There is a huge growing trend toward self-represented litigants and courts around the nation are looking for ways to make the system easier as well as ensure that affordable (and sometimes free) assistance is more readily available. In South Carolina and in other states, there are many access to justice initiatives that are working toward this precise goal. Yes, I am an attorney and I know we seem to have a bad name in the general public, but if you look around you’ll find that not ALL of us are money-hungry sharks. In fact, I went to law school to help people. I’d already had a lucrative career and went back to school. If you have serious ideas you’d like to share, please feel free to let me know. In the meantime, feel free to check my blog for information - http://scaccesstojustice.wordpres..com. Thanks. RFW

  9. Zargon

    Rad Geek -

    I agree that the courts (just like anything else in the government) will never reform themselves. As for the original intentions of the court system, I’m not so sure anymore about the angelic intentions we’re all told over and over our founding fathers had. But that point is simply academic anyways - it doesn’t matter what the intentions of those dead guys were, what matters is what exists now and how to deal with it.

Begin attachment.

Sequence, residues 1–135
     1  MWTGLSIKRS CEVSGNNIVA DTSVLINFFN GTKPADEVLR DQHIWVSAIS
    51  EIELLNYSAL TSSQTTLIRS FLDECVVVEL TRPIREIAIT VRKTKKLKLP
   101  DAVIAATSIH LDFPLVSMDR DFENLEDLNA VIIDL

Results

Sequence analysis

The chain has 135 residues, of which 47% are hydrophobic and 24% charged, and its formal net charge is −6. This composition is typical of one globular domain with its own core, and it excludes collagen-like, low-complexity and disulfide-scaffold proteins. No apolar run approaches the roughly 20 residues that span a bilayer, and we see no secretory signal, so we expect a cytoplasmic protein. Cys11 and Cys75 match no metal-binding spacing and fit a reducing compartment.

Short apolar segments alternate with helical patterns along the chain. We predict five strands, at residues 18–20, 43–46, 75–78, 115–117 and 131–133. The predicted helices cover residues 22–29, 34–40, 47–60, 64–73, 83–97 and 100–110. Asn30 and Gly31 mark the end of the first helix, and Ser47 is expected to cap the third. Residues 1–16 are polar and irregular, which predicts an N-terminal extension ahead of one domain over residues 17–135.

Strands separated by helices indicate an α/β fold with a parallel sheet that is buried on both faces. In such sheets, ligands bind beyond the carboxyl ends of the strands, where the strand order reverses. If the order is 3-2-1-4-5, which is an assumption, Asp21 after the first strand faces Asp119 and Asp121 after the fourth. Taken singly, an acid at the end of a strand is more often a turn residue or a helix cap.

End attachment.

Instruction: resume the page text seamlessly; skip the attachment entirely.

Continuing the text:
Nath -

    I believe an agorist court system would be quite an advanced development, which probably wouldn’t happen until the state was finished anyways, because it seems to me that an impartial court system must be open for inspection by anybody, while the whole point of agorism is to conceal economic activity (and producing justice is just as much an economic activity as producing apples).

    The current (state approved) alternatives to the court system are, in some ways, worse than the court system itself. With binding arbitration, for example, the arbitrator knows damn well who the customer is (the corporation that hired him) and rules accordingly (the saying “the customer is always right” applies here as well as anywhere).

  10. Rad Geek

    Zargon,

    The point I was raising about the origins of the court system didn’t actually have to do with the intentions of our founding fathers, if you mean folks like George Washington, Thomas Jefferson, or Patrick Henry. It has mainly to do with the development of polycentric customary law in England prior to the Norman invasion and the entrenchment of a strong centralized State under the Norman occupation, and, to a lesser and diminishing extent, the still somewhat polycentric court system that existed up until about the time of the Tudors. The latter was a decentralized order that emerged, over time and without much forethought, from grassroots popular conventions for resolving disputes nonviolently; the aims that it tended to pursue and the results that it tended to effect it can’t easily be traced to any identifiable set of founders, or to their personal intentions for it, because it developed over a long period of time among a lot of different people and a lot of its most important features came about through spontaneous order more than by design.